‘Tis the season for old-school Holdens and Fords emerging out of the woodwork, as owners try to cash in on skyrocketing levels of interest (and skyrocketing bids) in Australian classic cars.
Although, in a sea of opportunist sellers, this ToranaGTR XU-1 admittedly sticks out like a sore thumb.
It’s not because of its Strike Me Pink colour scheme, or even because of its patina-chic looks and kept-hidden-in-a-shed status. No, this Torana is a weird one because it’s somehow traveled all the way to the UK. And over there, it’s up for sale.
Listed to be auction in March’s Practical Classics Classic Car and Restoration Show, there’s little information detailing how exactly a supposedly authentic homologation special Torana got from the land down under to the land of fish and chips.
In fact, there’s little really to go on apart from the images. Among the few useful tidbits of information is that the car has apparently not been started since 1985, and therefore will need an enormous ground-up restoration.
The show’s listing for the vehicle also talks about the GTR XU-1’s history and meaning in Australia, rightly pointing out that it’s a sought after race-car-for-the-road and wrongly pointing out that it was driven by a fellow called ‘Peter Brook’. Hmm.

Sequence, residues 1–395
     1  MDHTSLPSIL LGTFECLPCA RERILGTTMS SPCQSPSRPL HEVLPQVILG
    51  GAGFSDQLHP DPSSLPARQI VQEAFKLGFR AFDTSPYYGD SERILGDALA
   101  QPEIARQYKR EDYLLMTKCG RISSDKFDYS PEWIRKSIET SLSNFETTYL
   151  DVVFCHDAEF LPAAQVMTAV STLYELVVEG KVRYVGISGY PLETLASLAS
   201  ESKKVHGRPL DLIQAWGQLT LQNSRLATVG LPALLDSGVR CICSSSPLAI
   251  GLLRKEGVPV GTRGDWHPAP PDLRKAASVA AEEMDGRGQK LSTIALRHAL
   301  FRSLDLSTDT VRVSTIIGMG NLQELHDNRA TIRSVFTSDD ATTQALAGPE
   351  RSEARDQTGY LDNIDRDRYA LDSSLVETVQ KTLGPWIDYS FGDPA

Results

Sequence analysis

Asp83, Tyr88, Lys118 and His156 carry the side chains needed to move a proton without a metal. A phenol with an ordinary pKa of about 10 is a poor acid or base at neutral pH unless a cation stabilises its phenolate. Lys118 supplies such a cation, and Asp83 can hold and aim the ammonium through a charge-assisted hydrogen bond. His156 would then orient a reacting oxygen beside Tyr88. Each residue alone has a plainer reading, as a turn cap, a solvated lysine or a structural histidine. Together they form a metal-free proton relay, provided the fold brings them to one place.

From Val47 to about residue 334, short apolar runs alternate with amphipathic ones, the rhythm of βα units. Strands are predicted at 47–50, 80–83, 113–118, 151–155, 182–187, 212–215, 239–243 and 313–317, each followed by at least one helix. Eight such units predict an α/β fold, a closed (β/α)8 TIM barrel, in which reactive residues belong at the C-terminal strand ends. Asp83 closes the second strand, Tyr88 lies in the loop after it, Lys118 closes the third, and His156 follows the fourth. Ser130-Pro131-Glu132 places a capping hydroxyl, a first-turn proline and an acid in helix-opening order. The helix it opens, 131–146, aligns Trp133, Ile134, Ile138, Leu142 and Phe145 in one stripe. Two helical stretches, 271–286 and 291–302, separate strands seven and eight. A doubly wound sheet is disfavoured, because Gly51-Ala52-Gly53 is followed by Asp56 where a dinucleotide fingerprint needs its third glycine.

It is noted that the car has had the same owner for almost three decades, who has managed to keep the car registered in the UK.
The XU1 GT-R got a 3.3-litre inline six engine good for 142kW of power and 162Nm of torque in its day. This was the homologation equivalent to the car that Peter Brock (that’s one ‘o’, not two) steered to solo victory the Bathurst 500 in 1972. Just 150 were built.
His tit-for-tat battle with Allan Moffat and his much quicker in a straight line (but slower in the corners) Ford Falcon XY GTHO Phase III gave the sport a huge injection of interest overnight, helping lay the foundation for the Australian Touring Car Championship’s first huge rivalry.
What’s it worth then? The Practical Classics Classic Car and Restoration Show expects the car to sell for between £45,000 and £55,000, signalling an expected price of around $100,000. Faultless XU-1s are known to sell for over $300,000, meaning this could be quite the bargain for a keen restorer.